Chen Rong's The Nine Dragons
Mysteries within mysteries, this is the gateway to understanding.
Reading the Dao de Jing can be a daunting task for one who is unaccustomed to such simple riddles, as the Chinese language is so well designed to supply. The Dao de Jing itself is a collection of sayings, pearls of wisdom, which are intended to promote contemplation, an expanding of ones observational prowess, and eventually a total realization of the Dao. The Dao is the energy or being of the universe.
To fully realize the Dao, is to become one with the universe, gaining immortality and absolute wisdom. Because the Dao cannot be described as it truly is, many artists have sought to allude to the Dao's true existence in painting and sculpture. One of the artists who has most successfully created a visual representation of the Dao is Chen Rong, the twelfth century literati artist. He is best known for his masterwork, The Nine ...view middle of the document...
Chen Rong was true to this practice, creating The Nine Dragons while drunk. This could very well account for the spontaneity of the work, which was first roughly outlined by Chen Rong painting with his hat; having dipped it in ink, with the fine detail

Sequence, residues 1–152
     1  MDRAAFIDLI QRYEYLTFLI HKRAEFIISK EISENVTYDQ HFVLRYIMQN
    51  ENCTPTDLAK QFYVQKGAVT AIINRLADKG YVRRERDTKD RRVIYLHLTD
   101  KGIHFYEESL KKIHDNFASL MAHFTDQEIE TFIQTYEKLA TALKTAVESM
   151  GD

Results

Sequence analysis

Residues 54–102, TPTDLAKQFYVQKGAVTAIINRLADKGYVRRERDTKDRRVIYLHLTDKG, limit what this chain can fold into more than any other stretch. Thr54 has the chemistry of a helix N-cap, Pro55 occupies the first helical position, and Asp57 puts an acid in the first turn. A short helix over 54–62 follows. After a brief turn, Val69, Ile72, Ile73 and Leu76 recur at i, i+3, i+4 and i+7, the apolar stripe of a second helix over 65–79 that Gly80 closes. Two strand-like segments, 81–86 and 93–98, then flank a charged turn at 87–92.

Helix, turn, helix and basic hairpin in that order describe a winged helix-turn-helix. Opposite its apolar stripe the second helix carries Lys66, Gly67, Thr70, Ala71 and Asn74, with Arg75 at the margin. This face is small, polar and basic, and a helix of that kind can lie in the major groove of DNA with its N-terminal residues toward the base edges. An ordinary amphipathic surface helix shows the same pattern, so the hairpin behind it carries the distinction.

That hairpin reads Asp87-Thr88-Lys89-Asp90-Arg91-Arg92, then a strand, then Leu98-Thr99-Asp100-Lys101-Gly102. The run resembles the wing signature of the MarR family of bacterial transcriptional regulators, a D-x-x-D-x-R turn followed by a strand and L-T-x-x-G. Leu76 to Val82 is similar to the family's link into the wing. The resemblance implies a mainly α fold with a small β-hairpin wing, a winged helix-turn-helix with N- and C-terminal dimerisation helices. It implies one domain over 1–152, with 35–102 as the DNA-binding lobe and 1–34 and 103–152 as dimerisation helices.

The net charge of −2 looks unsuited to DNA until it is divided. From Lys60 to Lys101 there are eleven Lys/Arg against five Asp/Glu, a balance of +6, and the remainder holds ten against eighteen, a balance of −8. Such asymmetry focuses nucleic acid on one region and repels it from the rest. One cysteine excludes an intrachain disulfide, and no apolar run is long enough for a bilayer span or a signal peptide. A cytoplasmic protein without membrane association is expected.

work was then applied with a traditional calligraphy brush. (MFA)
While these things alone may not set the Nine Dragons apart for any other Chinese literati painting, the work is truly unique and innovative. Most amazing in the work, is the illusion of motion. The waves swirl and crash, while the clouds softly shift through the sky, and the dragons fly playfully and spiritedly. No previous literati work has been able to match this fluid depiction of active movement of the dragons.
Moreover, it is these dragons that hold the most significance in terms of the Daoist principles within the work. The dragon is a personification of the Dao, the realization of which is the goal of the Daoist practitioner. The dragons are elusive and surprising as they leap out in one section only to disappear there after and then again appear at an unexpected time. This visual represents the meditation experience, in which one attempts to clear the mind of all thought in order to experience the essence of the universe unhindered by preconceptions, and sensory interference; however, the very realization that one has attained this state is a signal that one has lost it. Thus realization of the Dao is like seeing a dragon, as soon as the slightest glimpse is caught, the dragon disappears, perhaps never to reappear, or perhaps to appear again at an unexpected time.
As a result of such astounding features, Chen Rong's The Nine Dragons, is a Classic of Daoist art. It currently resides in the Museum of Fine Arts in Boston.
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Museum of Fine Arts, Boston. Tales from the Land of Dragons: The Nine Dragons Accessed December 10, 2004.<http://www.mfa.org/exhibitions/dragons/dragons.htm>
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